How do fluctuating temperatures affect survival of crop insect pests? That’s a good question this spring. The weather this year has been quite variable across Iowa — several warm days followed by a cold, snowy week in April is just one example of the dramatic changes in air temperatures the state has experienced.
Each winter, Iowa State University Extension entomologists receive the question: “Will insect pests be worse or better than normal this year?” And cold snaps during the spring cause people to wonder, “Do fluctuating temperatures affect pest populations?” The short answer: It depends, but probably not. That’s how ISU Extension entomologists Erin Hodgson and Ashley Dean are explaining the prospects for 2020.
“Warmer winters are likely to increase survival because insects will not be exposed to lethal temperatures,” Hodgson says. “However, if insects resume activity during unseasonably warm spring weather when temperatures are fluctuating, they may deplete their energy reserves before their host is available. Usually, insects have ways to protect themselves from this, which typically include emerging in response to some other stimulus instead of temperature. Insects in the soil are unlikely to experience lethal temperatures in any year, but mild winters could result in repeated freeze-thaw cycles that can reduce their survival.”
Duration, temps affect survival
If temperatures are not low enough to cause mortality, exposure to cold temperatures has sublethal effects such as reduced growth, development and reproductive potential. Repeated cold exposures can increase survival relative to sustained cold temperatures for most insects, but this is highly dependent on duration and temperature, Hodgson says.
Once development resumes in the spring, exposure to temperatures below 50 degrees F can cause insects to enter a chill coma, where development and movement cease until favorable conditions resume. They can experience injury during this time, the extent of which depends on the duration and the temperature.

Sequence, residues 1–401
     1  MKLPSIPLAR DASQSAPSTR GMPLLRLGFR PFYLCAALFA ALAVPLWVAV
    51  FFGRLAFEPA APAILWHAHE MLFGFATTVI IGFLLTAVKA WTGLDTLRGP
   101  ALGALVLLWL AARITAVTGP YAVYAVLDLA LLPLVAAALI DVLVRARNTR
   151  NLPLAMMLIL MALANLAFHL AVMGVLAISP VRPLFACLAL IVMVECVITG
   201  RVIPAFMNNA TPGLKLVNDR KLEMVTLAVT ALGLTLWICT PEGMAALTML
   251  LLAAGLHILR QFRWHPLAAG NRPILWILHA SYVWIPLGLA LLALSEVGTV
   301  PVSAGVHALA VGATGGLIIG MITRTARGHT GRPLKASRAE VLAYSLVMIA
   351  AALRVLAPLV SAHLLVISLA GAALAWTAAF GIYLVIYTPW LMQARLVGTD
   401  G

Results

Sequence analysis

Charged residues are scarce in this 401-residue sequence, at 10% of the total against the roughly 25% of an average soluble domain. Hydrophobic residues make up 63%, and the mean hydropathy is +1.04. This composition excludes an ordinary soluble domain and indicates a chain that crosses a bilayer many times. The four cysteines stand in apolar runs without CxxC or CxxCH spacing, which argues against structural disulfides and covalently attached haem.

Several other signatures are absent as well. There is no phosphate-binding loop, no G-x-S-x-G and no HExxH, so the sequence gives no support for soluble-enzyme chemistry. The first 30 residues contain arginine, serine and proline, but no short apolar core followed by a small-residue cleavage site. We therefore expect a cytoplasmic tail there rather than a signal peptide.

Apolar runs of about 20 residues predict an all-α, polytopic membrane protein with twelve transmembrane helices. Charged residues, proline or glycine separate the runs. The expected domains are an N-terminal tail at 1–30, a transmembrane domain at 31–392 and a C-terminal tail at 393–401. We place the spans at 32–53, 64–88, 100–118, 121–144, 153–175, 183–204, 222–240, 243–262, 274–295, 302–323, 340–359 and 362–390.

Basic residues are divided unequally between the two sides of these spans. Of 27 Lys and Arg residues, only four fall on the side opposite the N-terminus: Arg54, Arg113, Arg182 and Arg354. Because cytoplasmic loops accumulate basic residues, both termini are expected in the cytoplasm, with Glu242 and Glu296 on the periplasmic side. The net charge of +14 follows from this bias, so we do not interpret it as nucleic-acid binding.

“If temperatures are greater than 32 degrees for a short period of time, insects will likely survive,” Hodgson says. “Survival could be reduced with below-freezing temperatures or increased duration of exposure. Most insects would likely survive brief exposures to temperatures in the 20s, but fewer would survive temperatures in the teens. Much of this depends on whether they are still in a cold-hardy state.”
Most insects likely survived
Typically, diapause is terminated sometime midwinter, and insects remain in a dormant state until favorable conditions arise. “It’s important to remember that insects do not emerge from overwintering all at once; therefore, some individuals of a species were likely still be dormant during the recent cold snap.”
Even if conditions are likely to cause mortality within a particular species, some individuals will survive and infest crops, she adds. “Even in years when winter mortality is high, pest species can increase their populations rapidly in the summer if conditions are favorable. We expect most insects were able to survive the 2019-20 winter weather and likely survived the recent cold snap as well.”
Hodgson and Dean provide weekly updates for various crop pests and other related news, on the ISU Integrated Crop Management website. Here’s last week’s list:
Survival effects of fluctuating temperatures on insects
How will the recent fluctuating temperatures impact insect development and pressure this season? Extension entomologist Erin Hodgson answers this question and more in this article.
Mild winter favors bean leaf beetle survival
Bean leaf beetle adults are susceptible to cold weather and most die when air temperatures fall below 14 degrees; however, the pest has since adapted to winter by protecting themselves under plant debris and loose soil and emerging to available hosts in the spring. Check out this article for more bean leaf beetle information and tips for scouting soybean fields.
Iowa Moth Trapping Network update: Week 3
Moth trapping in Iowa is underway. Each year, fields are monitored for crop pests to guide scouting activities in Iowa. In 2020, the moth trapping network includes black cutworm (BCW) and true armyworm TAW. Both of these pests are migratory, making it difficult to predict where populations will establish year to year. Tracking peak flights is how we can predict the pressure of these pests.
Iowa Youth Crop Scouting Competition registration open
The annual Iowa Youth Crop Scouting Competition will be July 30 at the Field Extension Education Laboratory in Boone at 1928 240th St. Here, middle school and high school students from Iowa will have the chance to put their crop scouting skills to the test, competing against other teams across the state while learning about IPM principles, concepts and techniques. Be sure to register for the event by July 1.